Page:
Thanks to the US Public Affairs Section for extending this invitation to me. I am happy to be here, and share my insights with you. By way of introduction, I would want to say I have no intention, really, of making this an academic discussion. So if you are sitting there having read the very good works of Antonio Gramsci, and the development of civil society, it is not my intention to go that route. I want to be a little bit pragmatic. The second point is that I am aware that civil society is very broad, so you saw from the topic that it’s civil society and democratisation in Zimbabwe. I am aware that civil society is very broad, and I am not sitting here pretending to be representing the length and breadth of civil society, including burial societies. I am here to talk about a particular type of civil society, and that is civil society, working on democracy, rights and governance. But I am aware that civil society is much broader than that. The third point I want to make is, that lets keep at the back of our minds that in fact there is mutual reinforcement between the work that civil society, and this is the mutual reinforcement that we see connecting civil and political rights to socioeconomic and cultural rights. The fourth point that I want to make is that I am aware that the emergence of civil society in post-colonial Zimbabwe pre-dates what we call the decades of crisis. And this is precisely from 1997-8 to 2008, and then the succeeding periods. Now the brief that I have from the Public Affairs section is not to flash back your memories thirty-four years. That is taking you back to 1980 – because I can still make my points without getting you back to 1980. The next issue that I want to put on the table is that my input today benefits from my understanding, but it’s undetailed subdivision of the nature of civil society into (1) the crisis decade, that is 1997-8 to 2008; (2) to the GPA period, 2009 to 2013; (3) to the current period. So I think if we connect these three dots my points may probably make sense. I want to put it across to you that we should always remember that the nature of civil society at any given point in time is largely a function of the state of national affairs, that is, how is your economics? How is your politics? How is your social cultural connection? The last point, as a way of introduction is, that perhaps in responding to this question, it is important to say that civil society and democratisation cannot be understood without understanding the relationship between civil society and the state; the relationship between civil society and the market; the relationship between civil society and the citizens; and also the relationship amongst civil society. I have no intention of going deep into putting this across to you, but it’s my point of departure in terms of making the points that I want to make. A reality check points to the importance of July 31st of 2013, as the point of departure for this talk. Why, because it represents the end an era from inclusion to exclusivity. The Zanu-pf victory whether it came through fair, free processes or otherwise, it represents the end of an era. It also redefines opposition politics in Zimbabwe. The end of an era also is an end of era in terms of civil society politics. I did say, remember that, I am categorising civil society into three epochs; there is the crisis period, the GPA period and the ‘now’. As it is the end of an era, let’s bear in mind that over the years, Zimbabwean politics has been so much characterised by what I am calling compartmentalisation. It is that compartmentalisation that sees civil society existing as either appendages or extensions of the political order, particularly political parties. But it’s not only civil society that exists in that form; it is the entirety of the Zimbabwean society. So it is important for us to characterise the nature of the problem that we face by first understanding how it comes about. That compartmentalisation is sitting on a very false binary logic that every citizen of Zimbabwe must belong to either one big political party, or the other big political party. This is the very reason why civil society is compartmentalised. We can even extend it to the churches. We did see what was happening with the Anglican Church and other churches in Zimbabwe. So the segment of civil society segment which is dealing with democracy, governance and human rights is a victim of that real or perceived compartmentalisation that, and it’s important for us to keep that at the back of our minds. However, it would be amiss for me not to say that, there is a huge perception that the kind of civil society that I am referring to has been viewed within that compartmentalisation as an extension of opposition parties particularly the Movement for Democratic Change. Whether that is true or false is not for me to predetermine. I am sure that you, as Zimbabweans, are better placed to judge. But it is a perception that exists in Zimbabwe within Zimbabweans, and it is a perception that helps me to arrive at my input today. The next point that I want to arrive at is about the GPA. The GPA phase itself had a demobilising effect on civil society. Basically, civil society in society has two basic functions. The first function is that civil society must be a watchdog. If you put civil society within the relation between the state, the market and society in general where civil society is placed you would agree that the state always has excesses, the market always has excesses because the market is profit driven, and it is the responsibility of civil society to check the state and the market, and to ensure that the state and the market are acting in favour of or for the advantage of the citizens. The point here is that the GPA had a demobilising effect on civil society. I did talk about the watchdog role. The second role that civil society can play in any society is complementarity. You complement the government of the day, but you can also complement the state and or to a lesser extent the market. But you complement the government of the day in terms of filling in the vacuum that the state would have failed to fill particularly this works for service delivery, or pushing for opening of spaces and democratisation. Here is a civil society that has been seriously demobilised by the effects of the Global Political Agreement. The next point is that during the GPA there was clear contestation between complementarity and watchdog role and this played out in the public gallery in terms of the work of civil society when it came to constitution reform. We had the Take Charge Campaign, we had the Take Part Campaign, we had the ‘Monitor it’ initiative, however you may want to characterise that. The Global Political Agreement and its benchmarks particularly constitutional reform tore apart civil society in a big way, and weakened civil society. There is nothing wrong with segments of civil society refusing to participate in a process they feel does not represent their aspirations. There is nothing wrong with segments of civil society deciding to participate. I hope it was a creative tension that existed between the role of complementarity and the role of watchdog. However, I think quite clearly civil society chose to do both, and that is the reason why we were compartmentalised as civil society. And remember I am talking about the ghost of the Global Political Agreement. At the time that we had the Second All stakeholders’ conference even by COPAC, it was unfortunate that civil society was invited to participate along political party lines. This is not my own creation because civil society that came to Second All Stakeholders Conference had either to align to the MDC-T, MDC-M, MDC-N or Zanu-pf. Civil society when you expand it to include war veterans – war veterans could have not attended if they had not been deemed to be civil society. And for them to be deemed to be civil society they were invited through party lines, and these party lines were Zanu-pf lines. So there is also a very false assumption that views the civil society that is dealing with hard core democracy and governance issues as the only civil society that was aligned to political parties. I want to demystify that first, and say in as much as civil society dealing with democracy, governance and rights issues in terms of opening up the space was affiliated to political parties other sectors of society that deem themselves as civil society were also affiliated politically. Is that good for a society? My answer is no. It was a society that could only operate on a binary logic because the society was so divided that it only made sense for Zimbabweans at large to belong to some political party. The point is that civil society broadly defined has been associated with affiliation with political parties.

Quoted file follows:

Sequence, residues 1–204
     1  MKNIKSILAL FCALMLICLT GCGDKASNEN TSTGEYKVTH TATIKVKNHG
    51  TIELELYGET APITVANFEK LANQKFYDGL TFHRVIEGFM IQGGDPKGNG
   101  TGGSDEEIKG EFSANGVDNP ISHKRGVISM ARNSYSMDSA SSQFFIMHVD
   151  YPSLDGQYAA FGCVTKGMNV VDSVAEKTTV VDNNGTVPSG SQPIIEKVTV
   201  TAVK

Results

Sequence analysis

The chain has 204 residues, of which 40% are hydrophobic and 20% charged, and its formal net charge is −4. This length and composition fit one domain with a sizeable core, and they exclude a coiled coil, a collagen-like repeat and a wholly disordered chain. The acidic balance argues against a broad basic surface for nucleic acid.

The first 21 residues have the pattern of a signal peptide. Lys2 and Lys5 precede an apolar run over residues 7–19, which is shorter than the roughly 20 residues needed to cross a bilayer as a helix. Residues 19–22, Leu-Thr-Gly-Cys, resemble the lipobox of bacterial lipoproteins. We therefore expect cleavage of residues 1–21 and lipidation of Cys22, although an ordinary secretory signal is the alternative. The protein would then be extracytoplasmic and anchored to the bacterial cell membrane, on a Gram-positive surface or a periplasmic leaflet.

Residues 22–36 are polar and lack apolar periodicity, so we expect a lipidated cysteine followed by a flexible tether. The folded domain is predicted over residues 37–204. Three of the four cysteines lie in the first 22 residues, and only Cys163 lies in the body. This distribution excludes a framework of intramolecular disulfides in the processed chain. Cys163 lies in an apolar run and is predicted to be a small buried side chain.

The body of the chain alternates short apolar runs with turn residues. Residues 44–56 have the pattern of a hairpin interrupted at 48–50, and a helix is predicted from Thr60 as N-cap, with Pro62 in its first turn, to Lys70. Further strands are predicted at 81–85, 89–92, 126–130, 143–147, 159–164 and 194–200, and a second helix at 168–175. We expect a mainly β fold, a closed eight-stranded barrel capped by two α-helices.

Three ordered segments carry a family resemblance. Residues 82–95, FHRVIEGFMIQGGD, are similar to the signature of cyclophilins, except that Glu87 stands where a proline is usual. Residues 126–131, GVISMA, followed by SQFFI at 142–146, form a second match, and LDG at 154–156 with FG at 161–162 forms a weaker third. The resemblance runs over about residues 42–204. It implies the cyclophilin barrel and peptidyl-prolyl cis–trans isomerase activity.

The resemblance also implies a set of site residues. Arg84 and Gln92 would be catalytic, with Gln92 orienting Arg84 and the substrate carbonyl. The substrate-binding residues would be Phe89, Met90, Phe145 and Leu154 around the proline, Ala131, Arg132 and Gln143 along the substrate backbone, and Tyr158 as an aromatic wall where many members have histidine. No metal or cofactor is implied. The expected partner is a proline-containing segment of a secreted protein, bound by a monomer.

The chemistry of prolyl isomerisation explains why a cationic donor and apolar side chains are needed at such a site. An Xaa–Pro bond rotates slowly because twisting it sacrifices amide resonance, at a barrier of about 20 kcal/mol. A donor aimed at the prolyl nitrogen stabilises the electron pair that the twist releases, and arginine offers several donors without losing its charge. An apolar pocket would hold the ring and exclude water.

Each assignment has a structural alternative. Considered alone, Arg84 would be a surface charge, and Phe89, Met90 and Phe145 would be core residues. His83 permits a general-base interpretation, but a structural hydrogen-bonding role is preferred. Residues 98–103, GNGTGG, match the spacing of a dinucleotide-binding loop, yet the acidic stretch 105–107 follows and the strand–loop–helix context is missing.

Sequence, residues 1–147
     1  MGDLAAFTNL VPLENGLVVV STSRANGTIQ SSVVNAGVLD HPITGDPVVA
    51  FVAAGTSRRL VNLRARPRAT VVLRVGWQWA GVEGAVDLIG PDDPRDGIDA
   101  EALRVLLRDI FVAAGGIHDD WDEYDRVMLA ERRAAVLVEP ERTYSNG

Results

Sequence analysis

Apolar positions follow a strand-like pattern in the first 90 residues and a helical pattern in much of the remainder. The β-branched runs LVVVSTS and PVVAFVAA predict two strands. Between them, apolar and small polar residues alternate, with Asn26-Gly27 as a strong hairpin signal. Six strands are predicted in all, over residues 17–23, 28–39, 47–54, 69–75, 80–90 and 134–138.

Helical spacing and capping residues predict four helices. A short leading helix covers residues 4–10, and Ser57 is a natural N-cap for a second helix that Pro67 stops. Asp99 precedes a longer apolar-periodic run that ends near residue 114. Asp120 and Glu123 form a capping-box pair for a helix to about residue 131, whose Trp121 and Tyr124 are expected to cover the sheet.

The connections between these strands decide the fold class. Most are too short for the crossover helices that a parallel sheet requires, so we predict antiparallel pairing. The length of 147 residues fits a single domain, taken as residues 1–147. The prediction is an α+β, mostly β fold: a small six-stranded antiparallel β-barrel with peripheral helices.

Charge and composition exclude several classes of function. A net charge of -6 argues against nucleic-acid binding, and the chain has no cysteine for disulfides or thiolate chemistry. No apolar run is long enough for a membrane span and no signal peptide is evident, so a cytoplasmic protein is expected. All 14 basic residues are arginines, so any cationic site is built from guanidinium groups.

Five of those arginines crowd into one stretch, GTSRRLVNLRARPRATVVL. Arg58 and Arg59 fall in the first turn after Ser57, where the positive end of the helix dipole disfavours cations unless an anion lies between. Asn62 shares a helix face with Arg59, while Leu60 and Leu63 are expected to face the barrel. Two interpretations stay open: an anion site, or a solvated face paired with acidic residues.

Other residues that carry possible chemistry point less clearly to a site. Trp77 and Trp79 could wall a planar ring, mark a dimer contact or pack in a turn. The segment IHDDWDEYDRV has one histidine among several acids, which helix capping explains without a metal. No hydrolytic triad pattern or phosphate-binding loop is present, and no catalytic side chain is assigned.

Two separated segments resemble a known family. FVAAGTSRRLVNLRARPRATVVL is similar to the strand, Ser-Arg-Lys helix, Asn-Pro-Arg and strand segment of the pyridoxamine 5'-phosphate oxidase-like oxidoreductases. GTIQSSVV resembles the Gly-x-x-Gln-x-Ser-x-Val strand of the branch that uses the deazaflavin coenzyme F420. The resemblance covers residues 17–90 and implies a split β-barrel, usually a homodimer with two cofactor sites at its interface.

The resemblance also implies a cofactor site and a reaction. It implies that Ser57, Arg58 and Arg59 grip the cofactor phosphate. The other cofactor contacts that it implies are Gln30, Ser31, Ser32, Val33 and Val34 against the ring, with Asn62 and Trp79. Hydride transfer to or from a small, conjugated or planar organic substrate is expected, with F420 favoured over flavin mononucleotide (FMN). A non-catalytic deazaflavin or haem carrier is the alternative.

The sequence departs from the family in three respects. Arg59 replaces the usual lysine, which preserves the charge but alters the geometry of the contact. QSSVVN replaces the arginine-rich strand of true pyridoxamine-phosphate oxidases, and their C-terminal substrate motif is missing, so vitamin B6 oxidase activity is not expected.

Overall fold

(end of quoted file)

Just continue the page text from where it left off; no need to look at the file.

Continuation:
Harare – ARTISTS have called for the relaxation of the country’s censorship laws as a way of promoting the freedom of artistic expression provided for in the new Constitution.